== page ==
Government

RTI Application Results in Belated Triumph as Air India Gets Paid For PM’s Flights

Rs 119.70 crore was owed to Air India by the Prime Minister’s Office for the use of chartered flights by Prime Minister Narendra Modi.

Prime Minster Narendra Modi walks out of the airplane as he arrives at JFK airport in New York September 26, 2014, a day before his appearance at the United Nations General Assembly. REUTERS/Mohammed Jaffer-SnapsIndia

Prime Minster Narendra Modi walks out of the airplane as he arrives at JFK airport in New York September 26, 2014. Credit: Reuters/Files

New Delhi: After much delay, a bill of Rs 119.70 crore raised by Air India for eight chartered flights undertaken by Prime Minister Narendra Modi has finally been paid. This has now been revealed by the Prime Minister’s Office (PMO) on its official website.

This bill has been paid nearly a year after the last bill of Rs 147.90 crore, which covered four flights each undertaken in 2013-14 and 2014-15 by former Prime Minister Manmohan Singh and his successor Modi, was cleared.

According to RTI activist, Commodore (Retd.) Lokesh K. Batra, who had filed RTI applications, it was on January 30 that Air-India finally received the sum of Rs 119.70 crore as payment for eight chartered flights taken by the prime ministers.

Batra had filed the RTI application on August 14, 2015, asking for details of expenses incurred on air travel during foreign visits made by Prime Minister Modi and former prime ministers. Additionally, he had sought the details for the filing of ‘flight returns’, the raising of bills or invoices, clearing of bills on completion of the visit and the copy of bills.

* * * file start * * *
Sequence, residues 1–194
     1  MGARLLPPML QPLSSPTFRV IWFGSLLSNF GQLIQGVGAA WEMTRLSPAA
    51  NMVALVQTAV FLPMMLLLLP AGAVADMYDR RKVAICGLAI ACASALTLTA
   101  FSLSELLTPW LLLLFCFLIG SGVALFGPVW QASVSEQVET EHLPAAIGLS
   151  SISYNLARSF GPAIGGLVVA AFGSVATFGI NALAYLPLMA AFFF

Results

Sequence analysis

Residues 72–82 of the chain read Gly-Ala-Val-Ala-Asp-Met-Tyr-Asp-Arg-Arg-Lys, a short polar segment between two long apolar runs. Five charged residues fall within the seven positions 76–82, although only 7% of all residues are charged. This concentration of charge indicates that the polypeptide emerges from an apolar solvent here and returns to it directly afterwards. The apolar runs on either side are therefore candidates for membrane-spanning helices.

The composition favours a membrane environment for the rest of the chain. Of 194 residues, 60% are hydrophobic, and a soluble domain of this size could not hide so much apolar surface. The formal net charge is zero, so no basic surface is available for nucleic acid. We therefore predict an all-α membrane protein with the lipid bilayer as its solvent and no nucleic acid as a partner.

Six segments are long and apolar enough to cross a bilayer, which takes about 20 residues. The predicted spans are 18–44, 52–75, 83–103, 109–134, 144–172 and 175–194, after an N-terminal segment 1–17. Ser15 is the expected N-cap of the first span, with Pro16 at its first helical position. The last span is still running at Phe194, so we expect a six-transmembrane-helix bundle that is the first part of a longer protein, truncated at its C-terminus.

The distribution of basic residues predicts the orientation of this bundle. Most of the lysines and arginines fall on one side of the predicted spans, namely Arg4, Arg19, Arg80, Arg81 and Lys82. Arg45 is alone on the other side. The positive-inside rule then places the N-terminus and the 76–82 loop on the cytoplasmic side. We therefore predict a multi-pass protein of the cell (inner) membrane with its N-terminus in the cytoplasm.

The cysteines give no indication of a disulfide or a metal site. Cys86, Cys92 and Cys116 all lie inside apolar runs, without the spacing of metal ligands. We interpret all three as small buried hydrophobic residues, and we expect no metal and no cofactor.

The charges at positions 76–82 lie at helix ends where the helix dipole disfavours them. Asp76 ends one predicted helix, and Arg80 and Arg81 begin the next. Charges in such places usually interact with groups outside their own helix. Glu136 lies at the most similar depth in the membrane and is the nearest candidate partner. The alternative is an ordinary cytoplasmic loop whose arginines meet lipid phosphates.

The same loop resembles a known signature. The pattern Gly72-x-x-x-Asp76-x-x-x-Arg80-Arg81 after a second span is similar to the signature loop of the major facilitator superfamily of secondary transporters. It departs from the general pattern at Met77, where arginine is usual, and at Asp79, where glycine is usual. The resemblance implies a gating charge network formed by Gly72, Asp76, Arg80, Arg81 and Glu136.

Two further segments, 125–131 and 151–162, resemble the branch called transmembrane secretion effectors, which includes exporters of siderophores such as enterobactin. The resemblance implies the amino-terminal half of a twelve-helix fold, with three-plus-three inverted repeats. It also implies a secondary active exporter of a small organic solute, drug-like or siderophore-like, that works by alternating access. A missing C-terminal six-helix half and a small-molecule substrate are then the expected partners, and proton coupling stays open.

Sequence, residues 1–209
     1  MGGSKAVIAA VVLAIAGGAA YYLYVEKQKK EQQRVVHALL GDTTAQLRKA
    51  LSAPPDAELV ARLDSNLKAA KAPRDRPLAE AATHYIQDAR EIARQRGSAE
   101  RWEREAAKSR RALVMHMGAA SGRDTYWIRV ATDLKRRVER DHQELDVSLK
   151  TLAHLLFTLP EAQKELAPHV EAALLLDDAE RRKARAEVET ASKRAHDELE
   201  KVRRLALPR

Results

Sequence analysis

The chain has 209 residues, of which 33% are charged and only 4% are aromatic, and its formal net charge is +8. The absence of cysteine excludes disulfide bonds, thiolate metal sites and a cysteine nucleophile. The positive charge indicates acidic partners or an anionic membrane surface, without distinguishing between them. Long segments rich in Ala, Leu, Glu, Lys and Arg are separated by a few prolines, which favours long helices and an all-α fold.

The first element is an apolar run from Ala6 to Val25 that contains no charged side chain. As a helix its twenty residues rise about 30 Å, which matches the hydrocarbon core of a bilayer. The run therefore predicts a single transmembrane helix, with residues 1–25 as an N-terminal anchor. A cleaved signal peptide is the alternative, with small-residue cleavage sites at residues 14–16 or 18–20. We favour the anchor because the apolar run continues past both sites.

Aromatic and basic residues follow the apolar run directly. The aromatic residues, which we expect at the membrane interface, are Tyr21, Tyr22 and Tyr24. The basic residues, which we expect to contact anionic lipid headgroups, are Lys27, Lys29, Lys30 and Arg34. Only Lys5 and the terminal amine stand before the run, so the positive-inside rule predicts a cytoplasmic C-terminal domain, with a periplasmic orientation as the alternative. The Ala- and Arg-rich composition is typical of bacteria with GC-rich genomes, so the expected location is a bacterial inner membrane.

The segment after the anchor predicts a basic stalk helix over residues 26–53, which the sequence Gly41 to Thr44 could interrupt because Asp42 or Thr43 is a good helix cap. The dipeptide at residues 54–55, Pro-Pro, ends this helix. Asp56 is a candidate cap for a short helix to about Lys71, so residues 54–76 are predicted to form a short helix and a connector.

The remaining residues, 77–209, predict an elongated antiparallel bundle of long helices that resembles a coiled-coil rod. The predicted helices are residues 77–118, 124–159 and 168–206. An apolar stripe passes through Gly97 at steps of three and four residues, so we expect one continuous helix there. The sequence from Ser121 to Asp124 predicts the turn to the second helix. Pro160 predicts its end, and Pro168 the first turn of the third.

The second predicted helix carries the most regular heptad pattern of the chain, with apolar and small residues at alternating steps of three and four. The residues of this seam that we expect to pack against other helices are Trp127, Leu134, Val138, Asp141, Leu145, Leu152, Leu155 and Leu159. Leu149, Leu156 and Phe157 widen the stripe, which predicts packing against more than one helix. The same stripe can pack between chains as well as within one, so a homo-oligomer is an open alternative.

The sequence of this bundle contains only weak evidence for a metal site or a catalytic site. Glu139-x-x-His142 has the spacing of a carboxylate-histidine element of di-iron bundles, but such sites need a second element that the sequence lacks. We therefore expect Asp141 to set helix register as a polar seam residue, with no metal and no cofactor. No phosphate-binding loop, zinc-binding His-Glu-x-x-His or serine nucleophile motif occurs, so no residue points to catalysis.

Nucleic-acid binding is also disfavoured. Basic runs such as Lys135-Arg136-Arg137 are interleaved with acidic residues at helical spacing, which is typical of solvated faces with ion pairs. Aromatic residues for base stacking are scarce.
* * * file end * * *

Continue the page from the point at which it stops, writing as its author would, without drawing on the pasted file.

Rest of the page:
Batra had stated that the case involved substantive public interest as the bailout amount – which reportedly was in thousands of crores – being given to Air India was drawn out of the government exchequer and was the money of the taxpayers.

In his petition, Batra had also reflected on how such delays were impacting the balance sheets and operations of Air India stating that, “the airline reported an operating loss of Rs 2,636.10 crore in 2014-15 and lags behind in the targeted financial parameters laid down in the turnaround plan drawn up in 2012 when it got a bailout package of Rs 30,000 crore.”

He had also noted that there was a need to bring reforms to achieve more transparency in settling bills from the prime minister’s foreign visits as large amounts of tax-payers money was involved in it.

In its order in the matter though, Chief Information Commissioner R.K. Mathur had earlier in January 2017 ruled that the procedure involved in calculating the cost of foreign travel by the prime minister need not be disclosed due to “important security concerns.”

However, the commission agreed that “the appellant’s motive is to improve the governance and transparency in settling the bills of the PM’s foreign/domestic visits as public money is involved. The loss of public money can add to the burden of tax-payers.”

It had also observed that “the appellant has repeatedly stressed on timely payment of bills and the institution of suitable internal guidelines to facilitate payments. He has stated that this is in public interest. The respondents have taken note of this”.

Batra said on September 12, 2016, the PMO website had uploaded information that eight bills had been paid but later changed their status saying they were still “under process”.

He hoped that finally the public authorities will “institute suitable norms and guidelines to facilitate expeditious clearance of chartered flights bills as the issue is directly concerned to tax-payers money.”